UPS is heading into the “danger zone,” saying it is ready to handle a wider range of higher-risk goods. The express giant is now allowing an additional 400 “dangerous” commodities onto its global air network, as well as increasing the size of allowable shipment. The company is also adding more than 300 products across its ground network in Europe.
The newly added items include chemicals to clean laboratory equipment, paint, compressed gases, adhesives and batteries. UPS can now help these businesses ship between 36 countries.
The change in protocol was driven by demand for shipments of products that are classified as dangerous goods. “UPS helps companies meet strict and often complex requirements when shipping dangerous goods,” said Teresa Finley, UPS Chief Marketing Officer. “Now we can meet our customers’ expanded needs for a one-stop solution to ship both conventional and dangerous goods.”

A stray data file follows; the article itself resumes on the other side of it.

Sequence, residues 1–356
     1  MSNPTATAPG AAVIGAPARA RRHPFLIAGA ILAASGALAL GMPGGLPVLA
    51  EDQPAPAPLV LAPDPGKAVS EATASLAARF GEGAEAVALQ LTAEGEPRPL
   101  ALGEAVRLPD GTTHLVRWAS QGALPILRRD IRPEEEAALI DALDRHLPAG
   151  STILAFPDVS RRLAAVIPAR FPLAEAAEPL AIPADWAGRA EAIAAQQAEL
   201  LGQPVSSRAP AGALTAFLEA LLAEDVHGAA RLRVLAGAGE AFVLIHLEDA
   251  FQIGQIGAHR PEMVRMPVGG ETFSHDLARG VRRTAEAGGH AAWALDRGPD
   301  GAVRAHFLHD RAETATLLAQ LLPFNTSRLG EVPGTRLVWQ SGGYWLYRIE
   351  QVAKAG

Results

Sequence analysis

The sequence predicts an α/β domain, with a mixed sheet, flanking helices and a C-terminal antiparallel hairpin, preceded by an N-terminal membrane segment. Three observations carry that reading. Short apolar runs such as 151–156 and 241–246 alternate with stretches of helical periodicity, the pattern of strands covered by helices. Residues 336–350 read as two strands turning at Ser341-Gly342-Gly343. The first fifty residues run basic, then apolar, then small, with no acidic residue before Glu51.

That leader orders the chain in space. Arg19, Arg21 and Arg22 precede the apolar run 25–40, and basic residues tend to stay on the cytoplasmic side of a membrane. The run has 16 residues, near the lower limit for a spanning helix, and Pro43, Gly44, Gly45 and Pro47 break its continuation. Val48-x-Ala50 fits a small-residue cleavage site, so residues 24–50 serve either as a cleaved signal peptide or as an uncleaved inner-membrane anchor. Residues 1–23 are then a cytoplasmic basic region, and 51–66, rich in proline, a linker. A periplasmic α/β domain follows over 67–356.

UPS has technology applications to simplify shipping packages that meet guidelines issued by the International Air Transport Association, the U.S. Department of Transportation, the European Dangerous Goods Accord, and the International Civil Aviation Organization, a specialized agency of the United Nations.
Transport of dangerous goods is tightly regulated, and UPS has been burned before. The Federal Aviation Administration slapped Amazon with a US$350,000 fine for shipping prohibited and dangerous goods by air, following a spill of the caustic product, which sent nine UPS employees to the chemical wash after they felt a burning sensation.
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